While the whole Broken Earth series was incredibly deserving of the Hugo award, the Stone Sky, in particular, was a feat of literary perfection (at least in my opinion). As I’ve said with both of Jemisin’s previous novels, her ability to successfully deploy second person POV continued to astound me in this last chapter of her epic, and while hints are given in book two of who this narrative voice is, it all comes roaring to the surface in book three.
As with any trilogy, to give away any of the plot is complicated since it’s so intrinsically tied to the first two volumes, but we’ll suffice it to say Jemisin pulls out all the stops in this one, and I don’t think I’ve ever been so satisfied with a story ending. But let’s take a moment to talk about craft; Jemisin has this amazing ability to stroke out a broad, and almost vague sentence that cuts closer and more debilitating than any showy paragraph. At one point towards the middle of the novel, Essun is traveling across the wastelands of her continent with her comm in the hopes of finding a new shelter, and the one paragraph simply suggesting the cannibalism, death, and horror they face is so much more cutting than if Jemisin had described it all.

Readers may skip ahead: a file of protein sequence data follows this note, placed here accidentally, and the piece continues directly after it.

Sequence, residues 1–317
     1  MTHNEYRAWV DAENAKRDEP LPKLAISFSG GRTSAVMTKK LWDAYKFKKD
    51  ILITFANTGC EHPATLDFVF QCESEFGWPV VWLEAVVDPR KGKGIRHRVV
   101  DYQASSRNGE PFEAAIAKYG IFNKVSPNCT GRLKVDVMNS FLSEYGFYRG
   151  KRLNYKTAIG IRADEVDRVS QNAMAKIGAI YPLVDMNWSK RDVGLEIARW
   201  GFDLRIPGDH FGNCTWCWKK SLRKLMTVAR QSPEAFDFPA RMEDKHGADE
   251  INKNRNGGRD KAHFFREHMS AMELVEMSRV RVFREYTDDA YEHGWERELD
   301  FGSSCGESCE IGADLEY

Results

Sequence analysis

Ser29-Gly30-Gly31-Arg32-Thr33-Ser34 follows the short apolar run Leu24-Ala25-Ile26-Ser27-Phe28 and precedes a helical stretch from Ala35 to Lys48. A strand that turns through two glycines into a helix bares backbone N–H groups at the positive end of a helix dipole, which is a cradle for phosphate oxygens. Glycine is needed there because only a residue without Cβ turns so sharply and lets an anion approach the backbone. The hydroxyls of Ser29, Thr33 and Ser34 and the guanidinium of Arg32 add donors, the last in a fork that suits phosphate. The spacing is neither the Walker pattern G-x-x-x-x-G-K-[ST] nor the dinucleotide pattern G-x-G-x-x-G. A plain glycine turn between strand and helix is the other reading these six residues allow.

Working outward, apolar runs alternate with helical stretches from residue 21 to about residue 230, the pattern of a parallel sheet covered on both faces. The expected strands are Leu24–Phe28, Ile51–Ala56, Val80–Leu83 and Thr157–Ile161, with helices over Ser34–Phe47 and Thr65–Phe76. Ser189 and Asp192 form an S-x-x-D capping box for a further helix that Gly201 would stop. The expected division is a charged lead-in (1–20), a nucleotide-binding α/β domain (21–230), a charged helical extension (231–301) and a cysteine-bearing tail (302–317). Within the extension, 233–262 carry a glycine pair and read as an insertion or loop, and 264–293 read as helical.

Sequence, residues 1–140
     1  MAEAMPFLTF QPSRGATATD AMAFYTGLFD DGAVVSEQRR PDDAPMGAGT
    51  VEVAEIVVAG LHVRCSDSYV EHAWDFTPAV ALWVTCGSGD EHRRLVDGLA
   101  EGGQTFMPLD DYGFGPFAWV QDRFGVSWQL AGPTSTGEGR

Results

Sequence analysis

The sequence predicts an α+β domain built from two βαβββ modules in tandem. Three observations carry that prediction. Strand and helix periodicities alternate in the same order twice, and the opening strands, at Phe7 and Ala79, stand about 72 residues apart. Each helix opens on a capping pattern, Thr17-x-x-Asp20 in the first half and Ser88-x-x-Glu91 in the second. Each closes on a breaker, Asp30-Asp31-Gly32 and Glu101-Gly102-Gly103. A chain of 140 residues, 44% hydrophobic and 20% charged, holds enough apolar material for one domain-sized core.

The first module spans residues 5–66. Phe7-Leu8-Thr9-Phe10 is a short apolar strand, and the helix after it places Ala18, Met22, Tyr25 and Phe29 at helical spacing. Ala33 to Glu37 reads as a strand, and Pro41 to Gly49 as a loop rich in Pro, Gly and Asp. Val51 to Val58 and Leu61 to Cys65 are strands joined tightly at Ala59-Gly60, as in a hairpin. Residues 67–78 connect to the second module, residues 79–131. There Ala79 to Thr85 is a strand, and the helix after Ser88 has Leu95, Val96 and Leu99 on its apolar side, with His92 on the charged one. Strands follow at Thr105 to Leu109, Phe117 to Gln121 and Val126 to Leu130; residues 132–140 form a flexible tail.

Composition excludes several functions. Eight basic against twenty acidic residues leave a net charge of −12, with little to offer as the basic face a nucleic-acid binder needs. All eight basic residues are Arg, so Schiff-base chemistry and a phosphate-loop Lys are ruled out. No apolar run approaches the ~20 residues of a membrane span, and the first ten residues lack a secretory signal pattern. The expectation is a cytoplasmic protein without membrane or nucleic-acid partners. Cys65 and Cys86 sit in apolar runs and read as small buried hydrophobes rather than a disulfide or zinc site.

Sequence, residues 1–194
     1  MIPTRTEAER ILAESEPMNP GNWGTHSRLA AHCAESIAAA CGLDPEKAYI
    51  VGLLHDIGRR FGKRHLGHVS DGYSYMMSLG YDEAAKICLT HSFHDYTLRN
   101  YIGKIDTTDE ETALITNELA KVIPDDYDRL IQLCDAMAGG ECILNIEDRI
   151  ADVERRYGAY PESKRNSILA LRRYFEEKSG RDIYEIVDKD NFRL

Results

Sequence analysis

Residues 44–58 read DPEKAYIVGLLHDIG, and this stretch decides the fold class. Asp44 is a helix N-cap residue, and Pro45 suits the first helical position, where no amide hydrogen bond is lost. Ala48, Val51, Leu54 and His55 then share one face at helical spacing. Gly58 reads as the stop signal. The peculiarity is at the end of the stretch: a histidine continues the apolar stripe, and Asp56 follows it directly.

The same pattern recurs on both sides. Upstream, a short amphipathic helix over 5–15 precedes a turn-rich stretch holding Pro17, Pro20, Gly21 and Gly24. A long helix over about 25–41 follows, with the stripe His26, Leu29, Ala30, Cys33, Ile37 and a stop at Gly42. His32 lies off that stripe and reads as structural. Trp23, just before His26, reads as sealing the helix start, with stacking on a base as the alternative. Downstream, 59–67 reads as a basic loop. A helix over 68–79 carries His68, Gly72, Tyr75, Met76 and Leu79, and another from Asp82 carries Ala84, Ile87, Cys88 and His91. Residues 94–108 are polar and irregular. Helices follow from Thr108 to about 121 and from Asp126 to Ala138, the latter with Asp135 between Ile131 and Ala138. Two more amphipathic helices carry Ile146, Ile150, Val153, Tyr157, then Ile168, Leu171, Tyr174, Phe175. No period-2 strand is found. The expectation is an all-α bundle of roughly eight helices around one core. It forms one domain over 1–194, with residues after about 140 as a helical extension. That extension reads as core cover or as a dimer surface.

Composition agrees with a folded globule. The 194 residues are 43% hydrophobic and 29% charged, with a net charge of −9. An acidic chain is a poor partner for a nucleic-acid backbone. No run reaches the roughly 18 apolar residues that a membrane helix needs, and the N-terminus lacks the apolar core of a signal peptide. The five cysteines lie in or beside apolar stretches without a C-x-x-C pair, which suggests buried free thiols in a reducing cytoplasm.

There’s a definite less-is-more about Jemisin’s writing that both keeps the reader at a distance, but pulls the reader into the depths of these characters’ minds. It’s a reading experience I’ve never encountered before, and by the end of this series, I couldn’t get enough of it. And I’m not really doing it justice in this review, the writing is one of those things that just has to be experienced, so please, if you love speculative fiction, read this series. It’s worth it.